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The Soul Of The Apostolate

Science is proud of its immense success, and justly so. And yet there is one thing which always has been, and always will be, impossible to it: to create life, to produce, from a chemical laboratory, a grain of corn, a larva. The wholesale discomfiture of the defenders of spontaneous generation shows us, clearly enough, how little there is in these claims. God reserves for Himself the power of creating life.

In the vegetable and animal order, living beings can grow and multiply: but still, their fecundity only operates under definite conditions laid down by the Creator. But as soon as there is question of intellectual life, God reserves this to Himself, and He is the One who directly creates the reasoning soul. And yet there is one other realm which he guards even more jealously still, that of Supernatural life, which flows from the divine life communicated to the humanity of the Incarnate Word.

Per Dominum nostrum Jesum Christum, Per Ipsum et cum Ipso et in Ipso.

Liturgy.

The Incarnation and Redemption establish Jesus as the Source, and the only Source, of this divine life which all men are called upon to share. The essential activity of the Church consists in spreading this life through the Sacraments, Prayer, Preaching, and all other works connected with these.

God does nothing except through His Son. “All things were made by Him and without Him was nothing made that was made.”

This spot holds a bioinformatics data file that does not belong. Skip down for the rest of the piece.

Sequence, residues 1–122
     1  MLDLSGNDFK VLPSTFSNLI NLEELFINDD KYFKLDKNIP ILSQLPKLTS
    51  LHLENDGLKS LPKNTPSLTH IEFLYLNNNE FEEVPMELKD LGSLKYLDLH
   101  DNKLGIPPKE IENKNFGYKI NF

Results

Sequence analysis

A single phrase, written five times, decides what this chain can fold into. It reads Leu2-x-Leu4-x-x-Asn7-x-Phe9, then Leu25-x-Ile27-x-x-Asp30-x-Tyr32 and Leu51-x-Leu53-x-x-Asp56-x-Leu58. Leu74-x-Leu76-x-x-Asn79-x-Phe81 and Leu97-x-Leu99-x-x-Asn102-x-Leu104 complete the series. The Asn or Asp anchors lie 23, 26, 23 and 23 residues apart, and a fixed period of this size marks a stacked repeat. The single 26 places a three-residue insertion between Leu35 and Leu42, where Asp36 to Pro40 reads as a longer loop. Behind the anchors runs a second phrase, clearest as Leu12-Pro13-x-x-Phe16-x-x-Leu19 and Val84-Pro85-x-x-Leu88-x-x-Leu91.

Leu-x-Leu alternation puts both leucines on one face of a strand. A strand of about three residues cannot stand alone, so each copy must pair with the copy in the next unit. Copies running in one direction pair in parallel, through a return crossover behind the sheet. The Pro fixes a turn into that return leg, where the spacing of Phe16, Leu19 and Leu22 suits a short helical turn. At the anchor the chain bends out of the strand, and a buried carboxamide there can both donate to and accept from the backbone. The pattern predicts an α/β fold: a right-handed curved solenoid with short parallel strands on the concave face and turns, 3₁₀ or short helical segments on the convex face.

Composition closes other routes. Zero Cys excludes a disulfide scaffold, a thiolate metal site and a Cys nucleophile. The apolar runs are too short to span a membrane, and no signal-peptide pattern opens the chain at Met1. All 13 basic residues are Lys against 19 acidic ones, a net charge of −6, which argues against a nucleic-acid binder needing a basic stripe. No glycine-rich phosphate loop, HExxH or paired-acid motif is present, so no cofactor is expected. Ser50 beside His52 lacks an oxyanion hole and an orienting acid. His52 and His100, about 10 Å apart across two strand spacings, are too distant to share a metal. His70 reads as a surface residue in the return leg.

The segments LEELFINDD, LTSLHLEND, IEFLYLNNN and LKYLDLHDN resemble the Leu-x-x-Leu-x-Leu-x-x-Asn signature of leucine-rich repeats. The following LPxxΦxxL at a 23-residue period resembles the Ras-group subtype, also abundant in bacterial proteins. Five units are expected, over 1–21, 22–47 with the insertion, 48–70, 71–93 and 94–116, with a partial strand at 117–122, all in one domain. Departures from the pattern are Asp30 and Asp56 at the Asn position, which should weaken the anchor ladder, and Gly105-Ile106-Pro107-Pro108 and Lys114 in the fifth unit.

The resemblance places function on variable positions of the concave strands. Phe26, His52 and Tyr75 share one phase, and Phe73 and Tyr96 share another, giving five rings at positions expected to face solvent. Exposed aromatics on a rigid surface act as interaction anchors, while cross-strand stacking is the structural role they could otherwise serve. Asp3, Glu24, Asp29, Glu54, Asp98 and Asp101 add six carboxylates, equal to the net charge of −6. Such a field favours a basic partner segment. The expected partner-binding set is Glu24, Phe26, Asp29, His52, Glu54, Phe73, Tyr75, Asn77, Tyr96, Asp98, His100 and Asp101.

Omnia per Ipsum facta sunt, et sine Ipso factum est nihil quod factum est (Joan. 1:3).

True as this is in the natural order, how much more so is it in the supernatural order, when it is a question of imparting His inner life, and causing men to share in His own nature, making them children of God.

“I am come that they may have life. In Him was life. I am the life.”

Veni ut vitam habeant. In Ipso vita erat. Ego sum vita (Joan. 10:10; 1:4; 14:6).

What precision there is in these words! And what light, in the parable of the vine and the branches, in which the Master develops this truth! With what insistence he strives to impress upon the minds of the Apostles the fundamental principle that HE ALONE, JESUS, IS THE LIFE, and the consequence that, in order to share in that life and communicate it to others, they must be grafted on to the God-man.